In a Frequently Asked Questions document sent to partners also obtained by CRN, Google informed the community it developed the new program after considering feedback from its Partner Advisory Boards and annual Partner Satisfaction survey.

"We believe the changes will drive further profitability for your business, simplify the program and processes," the document states.

Google's channel program is relatively young. When the program first launched, much partner business came from customers who first purchased direct from Google, but then realized they would benefit from a relationship with a solution provider.

Maturation of the market is probably the reason Google is lowering that transfer rate enjoyed by partners who took over such accounts, one partner suggested to CRN.

NEXT: Google Executive Responds

While Google would not comment to CRN on this story because it is based on leaked documents, it did respond to upset partners on the same message board hosting the complaints cited above.

Louise Byrne, a London-based director of partner operations for Google, noted in the forum that news of some of the upcoming changes -- consolidation of partner programs and higher margins -- broke unexpectedly, the result of a leak to The Wall Street Journal. Google was caught off-guard and had not yet planned all communications around the issue, she wrote.

But she said Google listened extensively to partner feedback and took into account the evolution of the market and its own products before structuring the new program. "Continued evolution of our products will ensure both more profitable license opportunities for our partners and more service opportunities," she wrote.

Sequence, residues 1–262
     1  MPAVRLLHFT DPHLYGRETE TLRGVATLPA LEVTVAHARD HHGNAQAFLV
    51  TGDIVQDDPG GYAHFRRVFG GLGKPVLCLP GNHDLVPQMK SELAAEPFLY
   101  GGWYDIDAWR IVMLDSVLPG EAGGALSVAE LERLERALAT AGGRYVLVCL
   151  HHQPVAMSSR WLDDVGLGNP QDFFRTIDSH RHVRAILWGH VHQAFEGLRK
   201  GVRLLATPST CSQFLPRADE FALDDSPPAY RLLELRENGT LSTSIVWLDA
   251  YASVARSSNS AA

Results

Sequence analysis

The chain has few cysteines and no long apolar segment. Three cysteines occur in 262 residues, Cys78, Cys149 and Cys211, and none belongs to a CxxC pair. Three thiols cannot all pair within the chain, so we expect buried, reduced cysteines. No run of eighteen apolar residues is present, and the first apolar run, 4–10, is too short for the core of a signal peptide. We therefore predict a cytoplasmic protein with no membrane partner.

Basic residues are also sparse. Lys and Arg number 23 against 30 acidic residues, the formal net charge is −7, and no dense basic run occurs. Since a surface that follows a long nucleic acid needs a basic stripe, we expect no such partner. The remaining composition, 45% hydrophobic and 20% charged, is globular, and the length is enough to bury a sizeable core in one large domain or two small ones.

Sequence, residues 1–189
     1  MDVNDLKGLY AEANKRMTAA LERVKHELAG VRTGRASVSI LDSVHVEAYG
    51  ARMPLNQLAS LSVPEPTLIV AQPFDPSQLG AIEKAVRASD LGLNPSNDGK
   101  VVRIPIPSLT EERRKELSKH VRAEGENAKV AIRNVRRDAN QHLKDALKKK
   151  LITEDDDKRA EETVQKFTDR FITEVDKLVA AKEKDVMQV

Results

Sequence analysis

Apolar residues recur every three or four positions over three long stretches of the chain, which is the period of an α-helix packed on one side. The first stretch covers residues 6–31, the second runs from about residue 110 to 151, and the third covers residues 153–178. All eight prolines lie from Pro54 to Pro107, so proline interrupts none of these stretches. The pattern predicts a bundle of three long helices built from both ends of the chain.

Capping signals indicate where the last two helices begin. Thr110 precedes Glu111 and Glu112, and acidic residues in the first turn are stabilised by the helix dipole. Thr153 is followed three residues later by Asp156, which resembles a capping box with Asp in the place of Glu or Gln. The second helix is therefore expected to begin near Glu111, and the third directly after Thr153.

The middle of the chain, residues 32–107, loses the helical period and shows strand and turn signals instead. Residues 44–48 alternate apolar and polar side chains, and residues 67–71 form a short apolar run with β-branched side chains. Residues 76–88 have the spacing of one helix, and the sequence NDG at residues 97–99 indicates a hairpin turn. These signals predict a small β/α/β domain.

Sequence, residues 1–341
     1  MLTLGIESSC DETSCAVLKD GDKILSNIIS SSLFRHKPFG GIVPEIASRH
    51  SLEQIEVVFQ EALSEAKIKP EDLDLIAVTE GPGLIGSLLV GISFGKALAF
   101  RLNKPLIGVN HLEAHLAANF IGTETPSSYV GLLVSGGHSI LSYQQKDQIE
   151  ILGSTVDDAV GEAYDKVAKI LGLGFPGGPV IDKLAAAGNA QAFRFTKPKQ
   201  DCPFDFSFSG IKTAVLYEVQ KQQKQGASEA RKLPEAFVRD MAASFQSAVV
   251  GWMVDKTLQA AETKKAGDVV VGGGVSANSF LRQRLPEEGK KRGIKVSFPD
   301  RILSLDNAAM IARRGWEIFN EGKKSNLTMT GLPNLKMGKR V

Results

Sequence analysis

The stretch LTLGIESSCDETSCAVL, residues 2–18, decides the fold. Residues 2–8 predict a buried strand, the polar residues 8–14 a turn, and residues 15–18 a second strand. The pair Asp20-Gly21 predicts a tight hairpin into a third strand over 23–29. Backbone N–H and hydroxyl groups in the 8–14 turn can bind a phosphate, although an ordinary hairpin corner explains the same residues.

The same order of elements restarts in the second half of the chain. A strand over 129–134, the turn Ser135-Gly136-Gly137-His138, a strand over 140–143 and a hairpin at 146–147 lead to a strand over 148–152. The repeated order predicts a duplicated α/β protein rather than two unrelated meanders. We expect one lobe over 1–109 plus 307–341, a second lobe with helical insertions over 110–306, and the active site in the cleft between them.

"Partners globally wanted the word 'partner' to truly mean something in the market and felt that the existing entry requirements did not reflect the strength of the partners in our ecosystem and the value that they can bring to our customers (we also got this feedback from our customers). When we examined our ecosystem we felt that the focus should be on helping our existing committed partners grow and be successful rather than having thousands more partners to join up (which is what would have happened if we had not changed requirements)," Byrne wrote on the board.

The Google executive also said that the changes encourage partners to focus on obtaining new customers, rather than maintaining revenues from legacy ones.